Text description provided by the architects. On the Dutch Wadden island Texel a rubber holiday home enveloped in fishing nets has been taken in use. The house is shaped like a ‘schapenboet’, a sort of storage shed. The house is built with a wooden frame construction. Roof and facades have been sprayed with rubber and are covered with coloured fishing nets. The nets are applied in two layers – red, green and blue nets are covered with black nets and divided into sections. These sections show the cross section of the building. Benthem Crouwel Architects designed the house for a private client in the style of the Wadden island.
Texel is the largest of the Dutch Wadden islands. It is an island of sheep and fishermen. Iconic features in the Texel landscape are the so called ‘schapenboeten’: little sheds that are not used for sheep, but for storage of hay and tools. They stand alone in the vast open meadows, on land far away from the farm. The sheds have a gabled roof with a bevelled top section and face southwest, which is the most common wind direction. The entrance door is situated on the straight and sheltered northeast side of the building.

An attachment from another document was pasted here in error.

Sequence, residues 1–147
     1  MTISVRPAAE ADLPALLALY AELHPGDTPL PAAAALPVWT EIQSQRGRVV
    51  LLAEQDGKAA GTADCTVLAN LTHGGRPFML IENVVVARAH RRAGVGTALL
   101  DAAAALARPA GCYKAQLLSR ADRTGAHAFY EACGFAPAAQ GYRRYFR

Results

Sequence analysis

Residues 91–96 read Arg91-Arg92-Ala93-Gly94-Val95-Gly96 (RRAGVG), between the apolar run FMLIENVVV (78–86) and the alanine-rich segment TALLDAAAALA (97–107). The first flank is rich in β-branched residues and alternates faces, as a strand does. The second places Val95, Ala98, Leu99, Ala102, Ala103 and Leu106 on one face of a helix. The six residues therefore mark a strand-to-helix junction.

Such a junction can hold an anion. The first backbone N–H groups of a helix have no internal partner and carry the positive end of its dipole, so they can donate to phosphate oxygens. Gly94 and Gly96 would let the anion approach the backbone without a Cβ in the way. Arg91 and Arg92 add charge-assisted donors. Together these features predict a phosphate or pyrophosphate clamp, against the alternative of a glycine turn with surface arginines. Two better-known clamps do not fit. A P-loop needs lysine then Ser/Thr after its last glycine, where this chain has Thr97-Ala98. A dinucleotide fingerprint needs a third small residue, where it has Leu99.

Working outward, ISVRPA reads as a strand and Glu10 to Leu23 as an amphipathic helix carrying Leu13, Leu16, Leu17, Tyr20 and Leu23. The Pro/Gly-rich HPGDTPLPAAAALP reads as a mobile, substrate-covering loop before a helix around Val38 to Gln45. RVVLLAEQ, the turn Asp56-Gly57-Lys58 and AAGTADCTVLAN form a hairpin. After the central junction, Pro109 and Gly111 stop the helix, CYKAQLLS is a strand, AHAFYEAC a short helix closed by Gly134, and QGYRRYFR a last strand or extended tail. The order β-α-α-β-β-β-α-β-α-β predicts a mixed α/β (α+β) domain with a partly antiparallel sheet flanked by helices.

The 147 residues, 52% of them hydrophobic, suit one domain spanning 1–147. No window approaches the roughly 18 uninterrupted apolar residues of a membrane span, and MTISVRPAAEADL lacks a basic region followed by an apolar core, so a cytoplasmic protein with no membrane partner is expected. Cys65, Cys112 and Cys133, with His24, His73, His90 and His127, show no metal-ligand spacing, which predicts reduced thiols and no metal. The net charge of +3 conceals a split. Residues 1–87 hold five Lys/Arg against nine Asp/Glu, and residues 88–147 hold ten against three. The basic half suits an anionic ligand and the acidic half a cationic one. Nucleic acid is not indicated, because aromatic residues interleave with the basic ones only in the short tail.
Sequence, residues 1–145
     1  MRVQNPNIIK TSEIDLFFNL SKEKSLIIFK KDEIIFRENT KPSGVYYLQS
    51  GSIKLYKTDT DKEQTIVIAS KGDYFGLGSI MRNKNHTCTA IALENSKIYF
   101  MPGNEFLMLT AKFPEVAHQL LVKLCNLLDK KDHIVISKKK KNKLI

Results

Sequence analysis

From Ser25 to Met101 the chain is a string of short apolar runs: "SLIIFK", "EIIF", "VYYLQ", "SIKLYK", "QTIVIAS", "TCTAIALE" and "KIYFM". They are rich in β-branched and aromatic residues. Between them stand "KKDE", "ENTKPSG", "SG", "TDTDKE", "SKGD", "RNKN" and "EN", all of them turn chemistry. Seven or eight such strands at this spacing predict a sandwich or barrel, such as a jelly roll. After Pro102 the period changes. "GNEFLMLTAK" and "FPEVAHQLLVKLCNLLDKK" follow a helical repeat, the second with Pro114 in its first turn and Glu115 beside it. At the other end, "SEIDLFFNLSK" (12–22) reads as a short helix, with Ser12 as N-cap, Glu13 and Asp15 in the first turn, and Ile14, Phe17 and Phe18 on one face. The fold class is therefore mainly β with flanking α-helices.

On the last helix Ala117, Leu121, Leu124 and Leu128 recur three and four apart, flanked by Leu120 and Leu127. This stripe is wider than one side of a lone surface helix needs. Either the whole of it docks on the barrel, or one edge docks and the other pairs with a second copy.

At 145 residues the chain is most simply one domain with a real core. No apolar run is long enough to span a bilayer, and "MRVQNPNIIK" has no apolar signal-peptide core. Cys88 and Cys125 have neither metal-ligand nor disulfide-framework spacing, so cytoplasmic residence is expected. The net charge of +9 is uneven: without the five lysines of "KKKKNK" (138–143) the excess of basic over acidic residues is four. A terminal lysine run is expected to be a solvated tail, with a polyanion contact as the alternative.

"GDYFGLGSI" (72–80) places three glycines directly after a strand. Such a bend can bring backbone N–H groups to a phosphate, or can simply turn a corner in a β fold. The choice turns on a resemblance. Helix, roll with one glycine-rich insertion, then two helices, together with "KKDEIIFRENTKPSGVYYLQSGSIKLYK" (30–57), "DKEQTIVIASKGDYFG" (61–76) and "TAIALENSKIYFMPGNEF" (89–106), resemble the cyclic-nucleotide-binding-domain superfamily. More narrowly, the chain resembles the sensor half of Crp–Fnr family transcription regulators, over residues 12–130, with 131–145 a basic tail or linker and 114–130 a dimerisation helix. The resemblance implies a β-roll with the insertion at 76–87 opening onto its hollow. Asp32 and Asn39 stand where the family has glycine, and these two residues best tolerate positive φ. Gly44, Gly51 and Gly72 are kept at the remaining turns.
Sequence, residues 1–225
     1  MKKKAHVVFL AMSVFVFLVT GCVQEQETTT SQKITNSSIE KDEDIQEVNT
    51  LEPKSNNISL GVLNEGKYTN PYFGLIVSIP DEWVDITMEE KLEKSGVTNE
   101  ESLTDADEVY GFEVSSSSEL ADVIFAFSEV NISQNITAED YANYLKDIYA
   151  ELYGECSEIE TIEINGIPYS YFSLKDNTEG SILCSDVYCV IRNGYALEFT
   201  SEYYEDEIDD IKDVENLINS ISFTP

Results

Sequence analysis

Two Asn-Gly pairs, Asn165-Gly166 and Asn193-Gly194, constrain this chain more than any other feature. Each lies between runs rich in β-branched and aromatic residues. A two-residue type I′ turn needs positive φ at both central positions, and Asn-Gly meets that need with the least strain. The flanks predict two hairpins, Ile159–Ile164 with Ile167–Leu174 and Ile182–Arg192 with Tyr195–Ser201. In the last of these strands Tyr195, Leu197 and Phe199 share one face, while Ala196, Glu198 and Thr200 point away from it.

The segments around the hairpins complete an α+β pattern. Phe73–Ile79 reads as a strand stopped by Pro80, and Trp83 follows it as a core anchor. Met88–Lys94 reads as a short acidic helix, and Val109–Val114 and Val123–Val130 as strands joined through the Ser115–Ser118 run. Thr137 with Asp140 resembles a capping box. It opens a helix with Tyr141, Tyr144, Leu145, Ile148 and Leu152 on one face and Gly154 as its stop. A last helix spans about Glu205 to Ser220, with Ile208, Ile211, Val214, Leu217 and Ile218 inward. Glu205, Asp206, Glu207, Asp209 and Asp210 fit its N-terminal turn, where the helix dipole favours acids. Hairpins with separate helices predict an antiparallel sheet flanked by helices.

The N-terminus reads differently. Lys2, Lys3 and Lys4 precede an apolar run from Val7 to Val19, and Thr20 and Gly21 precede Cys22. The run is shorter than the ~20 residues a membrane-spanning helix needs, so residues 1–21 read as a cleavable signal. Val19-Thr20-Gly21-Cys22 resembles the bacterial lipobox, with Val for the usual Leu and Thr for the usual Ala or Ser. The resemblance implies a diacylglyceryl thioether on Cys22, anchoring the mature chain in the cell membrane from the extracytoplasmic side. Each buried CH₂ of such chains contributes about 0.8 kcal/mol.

The design of the holiday home has been inspired by these characteristic sheds, but contrary to the sheds, the house had many windows in both the facades and the roof. The windows provide an excellent view of the surroundings: from the kitchen/living area one gets a panoramic view of the island, from the first floor the dunes and the sea are visible, and from the bedroom one glimpses the endless sky.
Inside and outside merge
The house has a simple lay-out. The kitchen/living area, bedroom, bathroom and toilet are situated on the ground floor, additional places to sleep, work areas and storage rooms are situated on the first floor and in the basement. The interior is also simple: functional and light, not distracting from the landscape outside. The large glass façade of the kitchen/living area strengthens the relationship with the garden. Nature becomes an important feature of the house. On this side of the building, inside and outside seem to merge.